Our use of imagination is so frequent and common that it escapes our notice. It is a set of powerful skills: the steppingstones to creativity. It is also Einstein's process for choosing lunch.

We also need to eliminate the self-defeating myth of creative and non-creative people. Too many people balk at the challenge of "being creative" as if it were a foreign way of thinking. All human beings have imagination and use it every day. Therefore, we are all capable of generating an idea or solution that may be dubbed creative. Other people may or may not designate your idea as creative. But it doesn't matter. What matters is if your solution works, if your idea improves your life.

Learning and Teaching Creativity is "entertaining and inspiring," and "a gift to educators and students."

Life is a challenge. Imagination is required.


Dan Hunter is the inventor of H-IQ, the first assessment of individual imagination and ideation. H-IQ provides students with practice generating ideas and teaches student metacognition. H-IQ was a finalist in Reimagine Education, the world's largest awards program for innovative pedagogies. Out of a field of 1100 applicants from all over the world, H-IQ was on the shortlist to win the award for "Breakthrough Educational Technology" in 2022.

To develop H-IQ, Hunter has devoted ten years of study to the questions of improving creativity. He is the co-author with Dr. Rex Jung of A Call to More Imaginative Research into Creative Achievement, published in the peer-reviewed Creativity Research Journal, and A New Measure of Imagination Ability: Anatomical Brain Imaging Correlates, published in The Frontiers of Psychology, an international peer-reviewed journal.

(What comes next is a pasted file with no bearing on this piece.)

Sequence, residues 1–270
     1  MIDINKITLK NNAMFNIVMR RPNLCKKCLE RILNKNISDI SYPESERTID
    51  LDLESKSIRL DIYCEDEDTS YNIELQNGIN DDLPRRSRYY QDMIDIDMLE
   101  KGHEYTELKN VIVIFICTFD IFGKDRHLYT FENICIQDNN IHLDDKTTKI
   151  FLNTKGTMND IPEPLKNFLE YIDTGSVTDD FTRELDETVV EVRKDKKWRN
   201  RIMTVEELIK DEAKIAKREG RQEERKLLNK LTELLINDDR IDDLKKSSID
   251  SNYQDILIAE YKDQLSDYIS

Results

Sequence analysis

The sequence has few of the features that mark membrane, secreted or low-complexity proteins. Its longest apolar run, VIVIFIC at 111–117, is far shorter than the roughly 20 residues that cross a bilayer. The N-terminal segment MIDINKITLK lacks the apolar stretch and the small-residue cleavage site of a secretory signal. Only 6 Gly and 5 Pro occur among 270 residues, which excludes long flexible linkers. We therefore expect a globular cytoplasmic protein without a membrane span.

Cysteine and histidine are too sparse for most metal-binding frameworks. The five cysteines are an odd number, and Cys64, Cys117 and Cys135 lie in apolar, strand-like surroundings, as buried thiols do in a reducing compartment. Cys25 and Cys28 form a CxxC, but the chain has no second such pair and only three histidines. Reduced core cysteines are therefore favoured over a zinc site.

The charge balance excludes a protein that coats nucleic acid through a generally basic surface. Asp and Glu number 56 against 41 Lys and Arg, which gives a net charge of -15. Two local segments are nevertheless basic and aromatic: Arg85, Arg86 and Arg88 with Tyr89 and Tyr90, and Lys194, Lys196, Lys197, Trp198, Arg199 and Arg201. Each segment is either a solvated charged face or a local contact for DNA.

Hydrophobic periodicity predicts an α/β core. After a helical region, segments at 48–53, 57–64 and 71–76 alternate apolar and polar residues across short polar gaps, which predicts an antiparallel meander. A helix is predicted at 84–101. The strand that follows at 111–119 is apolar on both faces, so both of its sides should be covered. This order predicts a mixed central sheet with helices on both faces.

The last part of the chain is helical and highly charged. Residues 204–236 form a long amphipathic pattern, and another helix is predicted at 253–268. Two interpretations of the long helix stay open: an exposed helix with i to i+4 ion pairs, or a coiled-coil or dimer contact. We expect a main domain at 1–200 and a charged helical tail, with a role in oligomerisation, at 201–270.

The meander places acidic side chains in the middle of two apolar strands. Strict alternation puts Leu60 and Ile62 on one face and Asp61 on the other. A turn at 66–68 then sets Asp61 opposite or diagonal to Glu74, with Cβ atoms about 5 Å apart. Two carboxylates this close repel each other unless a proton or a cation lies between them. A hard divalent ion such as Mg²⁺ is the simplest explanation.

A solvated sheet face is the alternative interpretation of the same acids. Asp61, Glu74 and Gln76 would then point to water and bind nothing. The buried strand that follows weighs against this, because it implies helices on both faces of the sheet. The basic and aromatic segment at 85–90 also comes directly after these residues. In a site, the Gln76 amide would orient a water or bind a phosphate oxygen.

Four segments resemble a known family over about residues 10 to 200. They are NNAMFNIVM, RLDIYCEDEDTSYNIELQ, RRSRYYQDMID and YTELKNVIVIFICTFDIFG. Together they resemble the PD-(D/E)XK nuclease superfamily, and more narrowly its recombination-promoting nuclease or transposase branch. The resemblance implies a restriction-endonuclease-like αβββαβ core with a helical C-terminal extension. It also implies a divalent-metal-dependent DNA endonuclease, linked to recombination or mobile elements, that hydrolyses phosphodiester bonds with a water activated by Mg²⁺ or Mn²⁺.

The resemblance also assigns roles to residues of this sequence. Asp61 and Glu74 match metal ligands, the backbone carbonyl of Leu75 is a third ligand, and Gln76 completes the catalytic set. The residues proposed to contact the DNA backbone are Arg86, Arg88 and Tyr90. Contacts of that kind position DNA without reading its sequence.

Hunter's understanding of creativity has been learned by practicing creative work, generating a steady flow of ideas as a songwriter, playwright, columnist, and political consultant. Hunter taught creative writing and playwriting at Boston University for 17 years.

Hunter is an award-winning playwright, songwriter, teacher, and founding partner of Hunter Higgs, LLC, an education consulting firm.

Hunter has served as managing director of the Boston Playwrights Theatre at Boston University, published numerous plays with Baker's Plays, and has performed topical humor in song on ABC, NPR, BBC, and CNN. Formerly executive director of the Massachusetts Advocates for the Arts, Sciences, and Humanities (MAASH), a statewide advocacy and education group, Hunter has 25 years of experience in politics and arts advocacy. He served as Director of the Iowa Department of Cultural Affairs, a cabinet appointment requiring Senate confirmation. He is the author of several books of humor, including Let's Keep Des Moines a Private Joke, Iowa?...It's a State, and his most recent book Pandemic Panacea: Laughing through Quarantine.